Electronic Journal of Plant Breeding, 1(4): 1133-1141 (July 2010)

Research Article

Breeding for drought resistance in rice: an integrated view from physiology to genomics R. Chandra Babu

Abstract Drought is a major constraint affecting rice production, especially in rainfed areas across Asia, Africa and South America. Development of drought resistant varieties will considerably improve rainfed rice production. Rice breeding programs focusing on drought resistance by direct selection for yield under stress have made little progress to date. Incorporation of secondary traits contributing in drought resistance will hasten development of cultivars with improved performance under water-limiting environments. Root traits such as thickness, depth and penetration ability help to avoid drought by increased water uptake from deeper soils.Greater hydraulic conductance, xylem thickness and osmotic adjustment are secondary root traits enable better extraction of available soil moisture. However, use of most root traits as selection indices in breeding programs using phenotypic measurements still entails huge investments in field nurseries or green house facilities, demanding in labour and is prone to problems of repeatability due to environmental variability. One promising approach is to map genetic loci (quantitative trait loci/QTLs) linked to root traits and use marker-assisted breeding (MAB) strategy. QTLs for many drought resistance traits consistent across environments and genetic backgrounds have been mapped in rice. Some of these QTLs co-locate with QTLs for yield and yield components under stress and are introgressed into elite lines using MAB. The introgression lines performed better under drought are released as high yielding varieties suitable for rainfed ecosystems. Keywords: Rice, drought resistance, QTLs, marker assisted breeding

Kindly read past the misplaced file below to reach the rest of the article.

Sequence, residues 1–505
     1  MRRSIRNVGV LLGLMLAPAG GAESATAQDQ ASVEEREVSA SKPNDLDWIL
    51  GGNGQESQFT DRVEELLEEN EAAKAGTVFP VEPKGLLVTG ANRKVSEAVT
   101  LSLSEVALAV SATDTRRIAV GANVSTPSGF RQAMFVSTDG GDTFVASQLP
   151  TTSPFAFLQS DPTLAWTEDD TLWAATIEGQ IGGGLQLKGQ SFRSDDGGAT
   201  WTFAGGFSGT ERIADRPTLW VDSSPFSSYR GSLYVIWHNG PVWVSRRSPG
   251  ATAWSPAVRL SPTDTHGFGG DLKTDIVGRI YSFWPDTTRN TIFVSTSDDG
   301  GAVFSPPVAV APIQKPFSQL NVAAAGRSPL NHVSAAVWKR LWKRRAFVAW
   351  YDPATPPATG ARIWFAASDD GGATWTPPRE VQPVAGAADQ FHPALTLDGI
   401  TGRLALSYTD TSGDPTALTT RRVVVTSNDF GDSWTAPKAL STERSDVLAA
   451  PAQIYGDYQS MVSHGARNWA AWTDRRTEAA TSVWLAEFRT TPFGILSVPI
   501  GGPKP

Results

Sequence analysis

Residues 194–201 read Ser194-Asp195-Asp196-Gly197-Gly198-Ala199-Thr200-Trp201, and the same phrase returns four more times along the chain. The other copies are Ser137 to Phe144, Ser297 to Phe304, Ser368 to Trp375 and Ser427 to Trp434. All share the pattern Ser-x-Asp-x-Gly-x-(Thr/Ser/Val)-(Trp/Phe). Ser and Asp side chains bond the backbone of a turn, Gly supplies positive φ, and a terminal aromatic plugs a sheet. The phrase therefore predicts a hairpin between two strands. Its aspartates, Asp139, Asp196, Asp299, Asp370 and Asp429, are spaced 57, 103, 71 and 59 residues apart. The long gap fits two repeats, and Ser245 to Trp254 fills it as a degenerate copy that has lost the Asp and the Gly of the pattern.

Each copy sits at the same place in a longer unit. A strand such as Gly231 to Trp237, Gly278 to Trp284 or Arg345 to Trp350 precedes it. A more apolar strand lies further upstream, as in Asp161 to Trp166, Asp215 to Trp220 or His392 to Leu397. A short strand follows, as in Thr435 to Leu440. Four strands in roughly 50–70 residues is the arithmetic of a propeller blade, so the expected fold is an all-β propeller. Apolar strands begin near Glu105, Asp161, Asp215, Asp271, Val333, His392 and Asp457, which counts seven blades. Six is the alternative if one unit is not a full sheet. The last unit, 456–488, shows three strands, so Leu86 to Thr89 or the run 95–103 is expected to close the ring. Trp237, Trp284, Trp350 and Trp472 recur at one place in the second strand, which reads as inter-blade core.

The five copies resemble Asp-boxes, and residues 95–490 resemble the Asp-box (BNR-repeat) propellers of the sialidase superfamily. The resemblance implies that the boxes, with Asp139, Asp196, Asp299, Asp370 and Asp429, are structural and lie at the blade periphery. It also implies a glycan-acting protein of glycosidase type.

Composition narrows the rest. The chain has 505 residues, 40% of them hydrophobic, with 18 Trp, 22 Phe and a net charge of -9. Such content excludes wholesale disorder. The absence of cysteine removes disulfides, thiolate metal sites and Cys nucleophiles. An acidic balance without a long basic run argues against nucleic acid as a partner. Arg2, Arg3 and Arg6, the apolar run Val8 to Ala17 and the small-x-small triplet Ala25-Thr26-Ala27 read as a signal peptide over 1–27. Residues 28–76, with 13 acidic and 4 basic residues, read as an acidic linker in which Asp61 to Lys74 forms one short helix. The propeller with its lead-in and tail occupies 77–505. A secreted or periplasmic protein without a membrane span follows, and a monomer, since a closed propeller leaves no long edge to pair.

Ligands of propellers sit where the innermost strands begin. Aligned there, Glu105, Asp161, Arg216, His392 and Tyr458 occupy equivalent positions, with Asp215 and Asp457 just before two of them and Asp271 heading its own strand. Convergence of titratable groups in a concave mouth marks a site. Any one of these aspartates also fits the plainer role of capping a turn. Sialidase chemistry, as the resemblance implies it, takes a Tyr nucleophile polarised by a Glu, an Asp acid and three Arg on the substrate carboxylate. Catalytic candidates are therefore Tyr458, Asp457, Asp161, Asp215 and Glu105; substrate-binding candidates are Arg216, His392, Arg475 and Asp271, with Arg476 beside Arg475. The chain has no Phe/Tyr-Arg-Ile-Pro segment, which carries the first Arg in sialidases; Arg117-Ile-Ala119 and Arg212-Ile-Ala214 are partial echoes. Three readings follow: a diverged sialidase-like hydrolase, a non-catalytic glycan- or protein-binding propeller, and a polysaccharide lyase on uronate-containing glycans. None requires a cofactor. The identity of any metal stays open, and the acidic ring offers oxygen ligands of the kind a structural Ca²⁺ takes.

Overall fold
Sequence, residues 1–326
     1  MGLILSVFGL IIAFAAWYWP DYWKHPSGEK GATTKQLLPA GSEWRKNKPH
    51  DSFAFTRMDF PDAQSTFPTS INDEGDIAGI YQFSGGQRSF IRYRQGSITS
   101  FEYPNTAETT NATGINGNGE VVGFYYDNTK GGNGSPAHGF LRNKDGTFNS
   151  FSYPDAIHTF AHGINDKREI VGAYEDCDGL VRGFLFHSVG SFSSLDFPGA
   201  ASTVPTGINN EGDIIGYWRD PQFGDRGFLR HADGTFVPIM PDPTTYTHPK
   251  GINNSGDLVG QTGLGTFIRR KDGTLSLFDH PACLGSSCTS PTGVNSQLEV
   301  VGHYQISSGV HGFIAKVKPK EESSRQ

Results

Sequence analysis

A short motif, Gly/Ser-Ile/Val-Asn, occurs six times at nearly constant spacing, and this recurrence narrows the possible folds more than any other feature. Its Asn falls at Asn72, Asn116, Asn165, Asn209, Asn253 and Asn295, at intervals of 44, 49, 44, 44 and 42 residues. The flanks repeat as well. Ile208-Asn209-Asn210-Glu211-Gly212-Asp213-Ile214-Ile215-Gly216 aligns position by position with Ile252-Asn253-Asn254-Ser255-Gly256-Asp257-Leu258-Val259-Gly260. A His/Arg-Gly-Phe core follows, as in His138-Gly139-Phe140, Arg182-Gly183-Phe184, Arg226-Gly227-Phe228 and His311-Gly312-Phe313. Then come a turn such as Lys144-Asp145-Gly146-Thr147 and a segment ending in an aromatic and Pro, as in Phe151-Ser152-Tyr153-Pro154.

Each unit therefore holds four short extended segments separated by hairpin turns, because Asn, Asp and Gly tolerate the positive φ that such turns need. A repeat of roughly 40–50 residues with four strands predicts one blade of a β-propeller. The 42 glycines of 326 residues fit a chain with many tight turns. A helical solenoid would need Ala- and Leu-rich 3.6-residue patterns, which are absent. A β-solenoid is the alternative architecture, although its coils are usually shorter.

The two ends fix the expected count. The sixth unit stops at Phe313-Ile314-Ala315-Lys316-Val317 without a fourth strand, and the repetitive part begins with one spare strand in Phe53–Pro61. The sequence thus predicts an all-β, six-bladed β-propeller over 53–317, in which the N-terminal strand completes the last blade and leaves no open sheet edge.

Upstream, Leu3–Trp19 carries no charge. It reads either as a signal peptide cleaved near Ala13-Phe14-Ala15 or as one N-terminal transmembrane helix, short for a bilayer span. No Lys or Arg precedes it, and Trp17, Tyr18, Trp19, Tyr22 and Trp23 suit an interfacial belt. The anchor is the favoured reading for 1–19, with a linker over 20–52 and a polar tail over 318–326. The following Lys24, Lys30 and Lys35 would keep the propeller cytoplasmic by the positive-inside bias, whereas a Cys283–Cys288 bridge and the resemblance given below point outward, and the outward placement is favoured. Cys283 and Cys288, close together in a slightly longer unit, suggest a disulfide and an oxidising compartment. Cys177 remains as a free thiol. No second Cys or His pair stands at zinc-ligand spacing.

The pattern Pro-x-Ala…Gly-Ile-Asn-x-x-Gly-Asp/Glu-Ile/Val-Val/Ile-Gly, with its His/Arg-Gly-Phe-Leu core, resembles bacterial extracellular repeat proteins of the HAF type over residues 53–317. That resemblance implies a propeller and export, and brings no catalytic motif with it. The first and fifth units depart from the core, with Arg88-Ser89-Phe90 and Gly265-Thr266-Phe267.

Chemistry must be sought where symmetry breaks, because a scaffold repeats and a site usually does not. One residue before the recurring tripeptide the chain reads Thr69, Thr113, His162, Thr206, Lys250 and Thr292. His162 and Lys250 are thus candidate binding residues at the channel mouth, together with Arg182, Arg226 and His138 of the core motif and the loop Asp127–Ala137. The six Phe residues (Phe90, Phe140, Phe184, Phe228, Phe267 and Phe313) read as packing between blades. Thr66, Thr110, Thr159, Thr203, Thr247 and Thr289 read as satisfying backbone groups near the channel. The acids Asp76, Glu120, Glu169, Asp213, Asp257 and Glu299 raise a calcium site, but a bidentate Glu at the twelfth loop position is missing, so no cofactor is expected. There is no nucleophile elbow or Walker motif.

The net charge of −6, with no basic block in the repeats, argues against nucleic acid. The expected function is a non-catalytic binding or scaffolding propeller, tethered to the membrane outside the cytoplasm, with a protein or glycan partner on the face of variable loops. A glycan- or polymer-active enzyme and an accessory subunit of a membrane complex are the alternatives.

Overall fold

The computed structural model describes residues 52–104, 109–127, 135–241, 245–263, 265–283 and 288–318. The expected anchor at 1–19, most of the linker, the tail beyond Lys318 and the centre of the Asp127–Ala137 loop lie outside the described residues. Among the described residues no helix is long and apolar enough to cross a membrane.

Introduction Rice is the staple food for more than 3 billion people in Asia, where more than 90% of the world’s rice is produced and consumed (Li and Xu, 2007). It is grown worldwide in 154 million hectares (m ha) and more than 45% of the area is in rainfed ecosystems, where yields are seriously affected by drought (IRRI, 2002). Of world’s rainfed lowland rice area of 41 m ha, 95% is in Asia (IRRI, 1995). The rice yields in these ecosystems remain very low at 1.0– 2.0 t ha−1 and tend to be unstable due to erratic and unpredictable rainfall. Drought is the most important source of climate-related risk for rice production in rainfed areas (Pandey et al. 2007). The 2002 drought in India reduced its rice production by 17 million tons (mt), 20% of annual production. The recent drought (-23% deficit in rainfall) during kharif 2009 affecting 50% of the districts in India has been estimated to cause a loss of 11 m t in rice production. The increasing threat from water shortage and drought in many rice-growing areas of Asia, particularly the rainfed areas, has posed a great Dept. of Plant Molecular Biology & Biotechnology, Tamil Nadu Agricultural University, Coimbatore - 641 003, India, Email: [email protected]